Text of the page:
It was easy to miss during this most recent election, but there were some “real” policy issues discussed from time to time.
One of them was the deteriorating state of America’s infrastructure. It’s a pressing problem, huge in scope, and there’s just no cheap or easy solution.[ad#Google Adsense 336×280-IA]That’s good news for investors who get in on this play right now, because this can’t really be “kicked down the road” any further.
In fact, the problem (and the opportunity) is right outside my door today.
And if it’s not outside yours, chances are it’s close.
Let me show you a few pictures to prove my point and spotlight this investment.
They really drive home the scale of what I’m talking about…
Check Out the Huge Mess Right Outside My Door
Legendary investor and mutual fund manager Peter Lynch used to counsel folks that the best investment opportunities are found just by looking around – by keeping your eyes and ears open.
It’s good advice.
Here in Baltimore, I can literally walk out my office door and see (and, with the jackhammers, hear) how dire America’s infrastructure “predicament” has become.
The sidewalk that runs in front of our building is being used as storage for lengths of “composite” culvert.
A block to the south, Cathedral Street is closed to traffic as work crews replace water-and-sewer system sections that failed (after an expensive and smelly cleaning) and created a massive sinkhole at a nearby intersection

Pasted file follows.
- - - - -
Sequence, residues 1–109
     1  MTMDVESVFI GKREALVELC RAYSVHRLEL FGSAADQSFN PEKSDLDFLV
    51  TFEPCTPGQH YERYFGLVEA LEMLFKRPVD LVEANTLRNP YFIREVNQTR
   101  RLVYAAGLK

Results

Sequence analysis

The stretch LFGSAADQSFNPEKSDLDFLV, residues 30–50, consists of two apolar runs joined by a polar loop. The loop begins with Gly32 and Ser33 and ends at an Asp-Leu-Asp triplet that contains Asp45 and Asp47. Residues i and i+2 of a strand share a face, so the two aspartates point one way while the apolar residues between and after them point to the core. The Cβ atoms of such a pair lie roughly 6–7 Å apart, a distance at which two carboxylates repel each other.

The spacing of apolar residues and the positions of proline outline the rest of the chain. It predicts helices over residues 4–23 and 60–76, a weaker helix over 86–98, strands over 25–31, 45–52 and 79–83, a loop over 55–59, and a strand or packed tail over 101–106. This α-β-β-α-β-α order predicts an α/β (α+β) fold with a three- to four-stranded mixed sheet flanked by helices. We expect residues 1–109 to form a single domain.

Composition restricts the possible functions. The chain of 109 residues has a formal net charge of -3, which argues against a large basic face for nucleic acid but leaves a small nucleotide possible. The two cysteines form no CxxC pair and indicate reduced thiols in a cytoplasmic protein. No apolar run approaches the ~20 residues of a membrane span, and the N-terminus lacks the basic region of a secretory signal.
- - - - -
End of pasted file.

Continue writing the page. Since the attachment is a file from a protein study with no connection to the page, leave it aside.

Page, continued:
According to a recent report in the local City Paper, Baltimore has been under a legally binding “consent decree” with the U.S. Environmental Protection Agency (EPA) since 2002 – thanks to sewage and water-contamination problems that violated the U.S. Clean Water Act.
Those problems were supposed to have been fixed by the start of this year.
The EPA and the city of Baltimore entered into the consent decree after the city was found to violate the Clean Water Act by “discharging untreated sewage from its sewage collection system to the Back River, Patapsco River, and the Chesapeake Bay and several smaller water bodies and other waters of the United States.” According to that agreement, signed by then-Mayor Martin O’Malley, the city would eliminate all of the sewage spills and overflows by the beginning of this year.
But as City Paper writer Baynard Woods wrote, the city “blew through the deadline with somewhere around half of the work done.”
The overall upgrade of the sewage system has already cost $700 million. Even so, more than 42 million gallons of raw sewage flowed into local rivers and the Baltimore Inner Harbor last year.
I’m not picking on Baltimore City – a place I love. The fact is that America’s water and waste-management systems are a disaster. And so are the country’s roads and bridges.
Nor is this “infrastructure predicament” limited to the United States.